With Avian Flu still within our shores, David Parsons MRCVS says we must not let up on bio-security for birds…
When dealing with sickness, I am always playing catch up. It has always been this way. We thought we were so good being able to eliminate Avian Influenza (AI) from the UK in years past. Why has it not worked this year? Just as I was thinking of putting fingers to keyboard last night, up pops another notification of more AI on the South Coast.
It is still being detected in dead wild birds. Initially, geese and ducks, then raptors and more recently seagulls. In 2021 no positive findings were reported in these except for three cases in great skuas between week commencing 12th April and week commencing 25th October. This year there have been multiple positives recorded in wild birds each week since April 12th to June 22nd. As long as there is infection present in wild birds in the UK, then the possibility of spread into domestic poultry is possible. This also begs the question as to whether AI is now endemic in the UK. I would suggest, purely on the basis of the wild bird findings and the fact that it keeps popping up in domestic poultry, that AI can now be included as another common cause of death which can occur at any time of the year but will probably still be worse in the winter than summer.
Thus whilst the requirement to house poultry has been lifted, the Avian Influenza Prevention Order is still in place. This is what is preventing holding “bird gatherings” of specifically galliforme birds (pheasants, partridge, quail, chickens, turkeys and guinea fowl) and anseriforme birds (ducks and geese). It does not look as though this is likely to change any time soon. In theory, this should not affect the taking of poultry from one premises to an agricultural show for display or sale purposes. All you need is the appropriate license. Well so I would have thought. There was not a poultry tent at this years New Forest Show. Allegedly, this is due to Trading Standards not permitting this for reasons that I am not privy to but could include public health. In this case I presume that means the possibility of transmission of Avian Influenza from uninfected chickens to the general public or perhaps the concern that the general public might transmit Covid to the poultry.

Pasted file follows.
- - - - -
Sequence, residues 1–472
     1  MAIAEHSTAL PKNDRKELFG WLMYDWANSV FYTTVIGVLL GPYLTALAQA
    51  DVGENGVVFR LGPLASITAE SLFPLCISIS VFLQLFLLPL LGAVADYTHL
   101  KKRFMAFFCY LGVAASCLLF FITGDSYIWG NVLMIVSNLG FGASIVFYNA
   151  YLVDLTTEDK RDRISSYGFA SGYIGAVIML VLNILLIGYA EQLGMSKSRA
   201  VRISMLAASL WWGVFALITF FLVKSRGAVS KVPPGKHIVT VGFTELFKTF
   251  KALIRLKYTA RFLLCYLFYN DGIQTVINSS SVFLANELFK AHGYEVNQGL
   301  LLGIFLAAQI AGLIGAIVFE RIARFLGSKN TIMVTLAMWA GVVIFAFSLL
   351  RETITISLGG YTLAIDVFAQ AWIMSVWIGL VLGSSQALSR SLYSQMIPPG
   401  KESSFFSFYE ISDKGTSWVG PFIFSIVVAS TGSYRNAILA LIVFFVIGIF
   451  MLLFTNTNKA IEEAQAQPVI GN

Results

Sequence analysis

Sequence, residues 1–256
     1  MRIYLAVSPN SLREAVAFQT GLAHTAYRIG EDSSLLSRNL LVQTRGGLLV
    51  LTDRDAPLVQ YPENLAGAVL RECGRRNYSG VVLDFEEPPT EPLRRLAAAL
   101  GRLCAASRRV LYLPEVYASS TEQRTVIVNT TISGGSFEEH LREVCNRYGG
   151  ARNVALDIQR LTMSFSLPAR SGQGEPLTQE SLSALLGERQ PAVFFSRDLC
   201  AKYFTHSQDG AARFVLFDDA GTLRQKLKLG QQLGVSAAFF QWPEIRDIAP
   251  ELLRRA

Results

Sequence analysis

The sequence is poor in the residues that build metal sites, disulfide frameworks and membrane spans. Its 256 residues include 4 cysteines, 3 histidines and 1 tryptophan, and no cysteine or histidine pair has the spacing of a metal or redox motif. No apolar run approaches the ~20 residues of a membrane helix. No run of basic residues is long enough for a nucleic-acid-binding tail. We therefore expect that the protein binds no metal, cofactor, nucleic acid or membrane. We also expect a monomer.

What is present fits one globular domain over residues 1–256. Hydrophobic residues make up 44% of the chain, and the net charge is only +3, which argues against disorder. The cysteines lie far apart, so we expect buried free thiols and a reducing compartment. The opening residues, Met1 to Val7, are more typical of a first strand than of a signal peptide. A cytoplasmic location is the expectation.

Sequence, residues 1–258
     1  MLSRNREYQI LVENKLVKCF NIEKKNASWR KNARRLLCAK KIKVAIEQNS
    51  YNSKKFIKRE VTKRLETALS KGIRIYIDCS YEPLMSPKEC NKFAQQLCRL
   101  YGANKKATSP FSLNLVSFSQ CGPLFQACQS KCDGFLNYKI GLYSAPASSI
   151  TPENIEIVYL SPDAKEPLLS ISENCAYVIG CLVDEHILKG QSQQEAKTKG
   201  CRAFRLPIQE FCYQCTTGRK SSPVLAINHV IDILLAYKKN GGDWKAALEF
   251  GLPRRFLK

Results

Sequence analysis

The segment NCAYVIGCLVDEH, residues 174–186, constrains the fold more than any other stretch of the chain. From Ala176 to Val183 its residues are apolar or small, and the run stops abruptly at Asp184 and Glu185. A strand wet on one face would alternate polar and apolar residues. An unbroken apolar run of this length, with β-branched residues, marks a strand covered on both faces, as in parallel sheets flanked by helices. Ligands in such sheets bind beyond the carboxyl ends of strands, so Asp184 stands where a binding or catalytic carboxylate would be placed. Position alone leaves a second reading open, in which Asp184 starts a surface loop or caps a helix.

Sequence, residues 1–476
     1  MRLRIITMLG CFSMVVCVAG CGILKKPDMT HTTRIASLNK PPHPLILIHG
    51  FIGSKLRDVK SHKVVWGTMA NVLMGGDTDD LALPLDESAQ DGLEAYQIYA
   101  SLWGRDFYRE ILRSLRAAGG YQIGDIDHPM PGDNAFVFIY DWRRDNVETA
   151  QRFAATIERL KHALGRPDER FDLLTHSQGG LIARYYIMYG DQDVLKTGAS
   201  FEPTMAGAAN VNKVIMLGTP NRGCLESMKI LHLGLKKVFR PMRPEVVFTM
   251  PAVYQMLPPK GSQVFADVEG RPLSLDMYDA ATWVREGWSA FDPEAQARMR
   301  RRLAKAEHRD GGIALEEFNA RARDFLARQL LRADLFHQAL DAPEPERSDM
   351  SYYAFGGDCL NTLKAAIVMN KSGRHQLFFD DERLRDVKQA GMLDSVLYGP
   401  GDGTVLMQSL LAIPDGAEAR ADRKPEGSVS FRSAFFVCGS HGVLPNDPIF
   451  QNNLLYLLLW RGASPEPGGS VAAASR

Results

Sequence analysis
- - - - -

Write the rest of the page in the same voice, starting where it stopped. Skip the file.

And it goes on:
Why is winter worse for Avian Flu?
We know that during the winter months, Avian Influenza virus can survive in faeces and soil for weeks to months providing the temperatures are cold enough. In the summer the high temperatures and ultraviolet light should significantly reduce if not eliminate the virus from the environment. Yet wild birds are still dying, how can this be? The answer must surely be that there is still infection in a proportion of wild birds. When these die and the carcasses are scavenged by other birds, infection can be passed on. It may be that there is simply more virus about and the virus has adapted to surviving in some hosts better without killing them and is therefore excreted for longer. The continual encroachment of humankind into wild bird habitats simply means that wild birds are now confined to less and less land. This means contact between individuals of the same and different species is more likely and viruses are taking advantage of this. From a poultry keeping perspective you should really be giving a great deal of thought to whether you have a single or mixed species flock. I have little doubt that keeping waterfowl for the next few years is going become ever more challenging. Mixed species flocks, especially of waterfowl and chickens is not to be encouraged. Where this is the case they should be quite separate from each other. I have not counted how many backyard flocks have been infected and slaughtered this time. It will be a significant number and much more than in previous years. Consequently, the philosophy that it is unlikely to happen to me is not as tenable as it once was.